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Still, I’ve always held onto the idea that I would baptize my children in the Church. I’d always assumed they too would have four names after the sacrament of confirmation. But life doesn’t always work the way you’ve planned—especially when you date a series of atheists and non-Christians.

At one point in "Spotlight," Rezendes finally feels he has enough proof to write a story about how the Boston Archdiocese is protecting child abusers. But his editor tells him it isn’t enough to prompt the systemic change they knew to be necessary. So Rezendes loses it. Later, Rezendes tries to explain to his fellow reporter why. Nursing a beer on her porch, he tells his colleague: “The weird thing is…I think I figured one day I would actually go back. I was holding onto that.”

I’ve been holding onto something, too.

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Despite my misgivings about Catholicism, I own a Bible. It’s white with gold lettering and it sat on my bookshelves in Phoenix, Seattle, New Orleans, Dallas, Brooklyn and now Harlem.

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The first time I stepped into a New York City church with the intent of worshipping en masse was Ash Wednesday. At least on Holy Days of Obligation, everyone else seems to be slightly uncomfortable together in our supposed neglect.

“Remember, you are dust, and unto dust you shall return,” one of the priests said as he pushed aside my bangs to reach my forehead. I had only waited in line three minutes and now I had met the obligation of the day and could join all the lapsed, practicing and pretending Catholics walking around midtown with a badge of recognition. It seemed like such a New York thing to be doing — going to a church to get ashes after work, but not staying for mass because my timetable couldn’t be troubled to give any more time.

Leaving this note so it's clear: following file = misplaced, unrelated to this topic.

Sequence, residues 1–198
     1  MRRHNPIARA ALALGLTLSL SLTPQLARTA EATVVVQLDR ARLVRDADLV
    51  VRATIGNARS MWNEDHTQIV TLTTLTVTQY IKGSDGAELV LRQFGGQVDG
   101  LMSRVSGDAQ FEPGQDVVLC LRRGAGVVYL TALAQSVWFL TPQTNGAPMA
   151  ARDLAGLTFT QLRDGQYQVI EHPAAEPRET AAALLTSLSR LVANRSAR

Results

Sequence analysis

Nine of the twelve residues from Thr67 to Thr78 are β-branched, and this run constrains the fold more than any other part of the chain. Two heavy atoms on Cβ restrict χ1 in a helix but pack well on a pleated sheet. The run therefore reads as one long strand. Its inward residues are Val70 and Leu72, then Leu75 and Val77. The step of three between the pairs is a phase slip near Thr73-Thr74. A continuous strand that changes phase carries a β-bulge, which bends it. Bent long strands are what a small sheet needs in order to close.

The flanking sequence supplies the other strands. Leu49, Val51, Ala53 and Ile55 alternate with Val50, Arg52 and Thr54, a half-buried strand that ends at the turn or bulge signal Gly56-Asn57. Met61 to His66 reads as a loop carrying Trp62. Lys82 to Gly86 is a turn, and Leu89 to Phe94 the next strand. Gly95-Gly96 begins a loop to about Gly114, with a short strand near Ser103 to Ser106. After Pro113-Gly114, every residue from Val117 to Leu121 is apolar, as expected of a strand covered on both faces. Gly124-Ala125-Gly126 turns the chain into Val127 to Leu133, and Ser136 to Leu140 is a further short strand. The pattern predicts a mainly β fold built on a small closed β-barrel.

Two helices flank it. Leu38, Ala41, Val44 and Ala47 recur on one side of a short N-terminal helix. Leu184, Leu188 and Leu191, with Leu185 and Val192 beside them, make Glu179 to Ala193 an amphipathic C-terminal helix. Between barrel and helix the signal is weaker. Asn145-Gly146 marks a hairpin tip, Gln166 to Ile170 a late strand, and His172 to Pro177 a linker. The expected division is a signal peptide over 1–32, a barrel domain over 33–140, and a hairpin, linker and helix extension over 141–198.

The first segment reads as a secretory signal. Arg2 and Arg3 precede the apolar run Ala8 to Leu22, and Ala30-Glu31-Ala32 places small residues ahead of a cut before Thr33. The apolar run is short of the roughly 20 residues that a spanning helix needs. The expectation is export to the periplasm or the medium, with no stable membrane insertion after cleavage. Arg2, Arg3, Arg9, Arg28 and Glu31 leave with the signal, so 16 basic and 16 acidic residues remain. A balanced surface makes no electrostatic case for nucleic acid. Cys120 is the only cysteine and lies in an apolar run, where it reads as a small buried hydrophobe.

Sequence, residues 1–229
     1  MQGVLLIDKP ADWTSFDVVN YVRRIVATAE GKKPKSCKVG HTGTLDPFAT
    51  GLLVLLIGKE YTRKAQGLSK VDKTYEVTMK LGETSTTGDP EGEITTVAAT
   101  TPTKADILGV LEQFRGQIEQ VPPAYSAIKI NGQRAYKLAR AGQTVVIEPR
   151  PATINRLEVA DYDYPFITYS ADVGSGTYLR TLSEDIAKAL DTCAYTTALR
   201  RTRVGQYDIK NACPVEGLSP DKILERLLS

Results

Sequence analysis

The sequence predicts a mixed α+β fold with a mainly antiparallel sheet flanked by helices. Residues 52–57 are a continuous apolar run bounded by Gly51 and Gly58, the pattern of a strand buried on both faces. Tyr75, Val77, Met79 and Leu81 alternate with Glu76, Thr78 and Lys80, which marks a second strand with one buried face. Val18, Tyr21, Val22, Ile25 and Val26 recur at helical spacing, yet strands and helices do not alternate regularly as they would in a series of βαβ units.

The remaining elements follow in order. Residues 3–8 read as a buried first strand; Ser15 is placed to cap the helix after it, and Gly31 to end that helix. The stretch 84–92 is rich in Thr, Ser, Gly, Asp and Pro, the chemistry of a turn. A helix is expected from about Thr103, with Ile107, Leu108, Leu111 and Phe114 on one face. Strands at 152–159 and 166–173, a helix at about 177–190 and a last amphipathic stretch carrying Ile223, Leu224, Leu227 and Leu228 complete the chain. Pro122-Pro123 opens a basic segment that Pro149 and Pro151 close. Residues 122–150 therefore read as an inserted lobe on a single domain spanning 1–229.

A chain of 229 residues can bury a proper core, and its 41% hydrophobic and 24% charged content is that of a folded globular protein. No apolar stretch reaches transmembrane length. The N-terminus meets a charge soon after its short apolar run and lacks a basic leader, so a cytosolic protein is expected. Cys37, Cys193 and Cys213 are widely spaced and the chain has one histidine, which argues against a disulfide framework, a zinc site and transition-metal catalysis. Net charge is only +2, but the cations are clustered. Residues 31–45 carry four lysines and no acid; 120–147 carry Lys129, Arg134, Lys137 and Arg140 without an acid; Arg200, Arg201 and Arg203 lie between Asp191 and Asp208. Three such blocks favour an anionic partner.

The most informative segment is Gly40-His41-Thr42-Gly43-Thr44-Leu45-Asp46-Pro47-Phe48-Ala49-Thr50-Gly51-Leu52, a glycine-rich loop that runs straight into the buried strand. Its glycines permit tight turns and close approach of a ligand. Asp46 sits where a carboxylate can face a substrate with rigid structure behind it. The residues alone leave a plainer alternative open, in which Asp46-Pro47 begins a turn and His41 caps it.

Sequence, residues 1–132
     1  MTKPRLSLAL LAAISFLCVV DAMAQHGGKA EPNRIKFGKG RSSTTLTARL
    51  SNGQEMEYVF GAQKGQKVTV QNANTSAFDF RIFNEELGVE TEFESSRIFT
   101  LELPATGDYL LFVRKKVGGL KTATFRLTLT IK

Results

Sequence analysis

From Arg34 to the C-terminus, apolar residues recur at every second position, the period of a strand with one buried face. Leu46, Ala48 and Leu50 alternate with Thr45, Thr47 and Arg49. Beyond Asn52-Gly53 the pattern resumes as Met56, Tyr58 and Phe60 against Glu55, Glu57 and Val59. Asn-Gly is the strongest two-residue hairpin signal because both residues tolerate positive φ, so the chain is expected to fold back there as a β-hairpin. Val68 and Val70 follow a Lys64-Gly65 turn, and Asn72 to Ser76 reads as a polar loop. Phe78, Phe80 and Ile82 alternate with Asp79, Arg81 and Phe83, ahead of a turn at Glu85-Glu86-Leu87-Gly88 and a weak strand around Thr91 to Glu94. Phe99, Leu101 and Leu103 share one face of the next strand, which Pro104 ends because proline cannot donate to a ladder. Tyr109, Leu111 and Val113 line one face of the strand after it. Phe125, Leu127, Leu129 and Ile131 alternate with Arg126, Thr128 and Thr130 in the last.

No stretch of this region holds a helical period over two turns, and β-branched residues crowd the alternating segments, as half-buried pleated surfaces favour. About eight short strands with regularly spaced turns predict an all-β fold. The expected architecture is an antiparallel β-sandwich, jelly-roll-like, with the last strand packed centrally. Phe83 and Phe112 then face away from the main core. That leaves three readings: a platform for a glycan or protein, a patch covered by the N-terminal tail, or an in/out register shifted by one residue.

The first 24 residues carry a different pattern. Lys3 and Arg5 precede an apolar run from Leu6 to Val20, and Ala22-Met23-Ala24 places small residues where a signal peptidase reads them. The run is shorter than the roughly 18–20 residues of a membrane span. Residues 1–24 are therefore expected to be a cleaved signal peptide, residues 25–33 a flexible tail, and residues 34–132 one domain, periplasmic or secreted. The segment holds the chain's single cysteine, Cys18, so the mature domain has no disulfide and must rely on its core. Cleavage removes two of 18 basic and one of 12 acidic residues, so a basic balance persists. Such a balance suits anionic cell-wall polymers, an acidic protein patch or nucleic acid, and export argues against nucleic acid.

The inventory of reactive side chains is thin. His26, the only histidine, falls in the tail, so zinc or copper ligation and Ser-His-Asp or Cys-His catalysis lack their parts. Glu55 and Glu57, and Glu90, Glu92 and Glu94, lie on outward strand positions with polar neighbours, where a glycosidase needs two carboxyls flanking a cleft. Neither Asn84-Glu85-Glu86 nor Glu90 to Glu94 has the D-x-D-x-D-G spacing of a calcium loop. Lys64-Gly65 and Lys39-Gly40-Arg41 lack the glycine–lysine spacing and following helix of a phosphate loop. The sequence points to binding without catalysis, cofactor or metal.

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Afterward, I sat in one of the pews at St. Patrick’s Cathedral in awe of the calming nature of being in a church. I actually started crying a few very silent tears. I felt adrift both professionally and emotionally with none of the normal outlets providing solace on that Wednesday. The Lord is supposed to walk with you, but it felt like he had stopped. How do you reconcile this disbelief without becoming Peter? It’s as though the disbelief came perfectly timed because Lent is the time to begin again, to remember you are but dust.

Still, my favorite Bible verse stays with me. The Book of Exodus 14:14 reads, “The Lord will fight for you, and you have only to keep still.” I repeat it back to myself during panic attacks, during trying moments and when I feel truly alone. It reminds me God is there.

Because God is not only in a churches and their structures. Because I felt God while dancing with someone I loved at a last-minute Florence + The Machine show in Brooklyn. And as I drove across New Mexico with the windows down and the Dixie Chicks playing. The Holy See does not hold the monopoly on my, on our, devotion and faith.

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I need only be still.

Caitlin is the associate features editor at Fusion. Prior to Fusion, she worked on features and national affairs at Talking Points Memo and completed an investigative fellowship at The Seattle Times. Will listen to any and all Grey's Anatomy theories.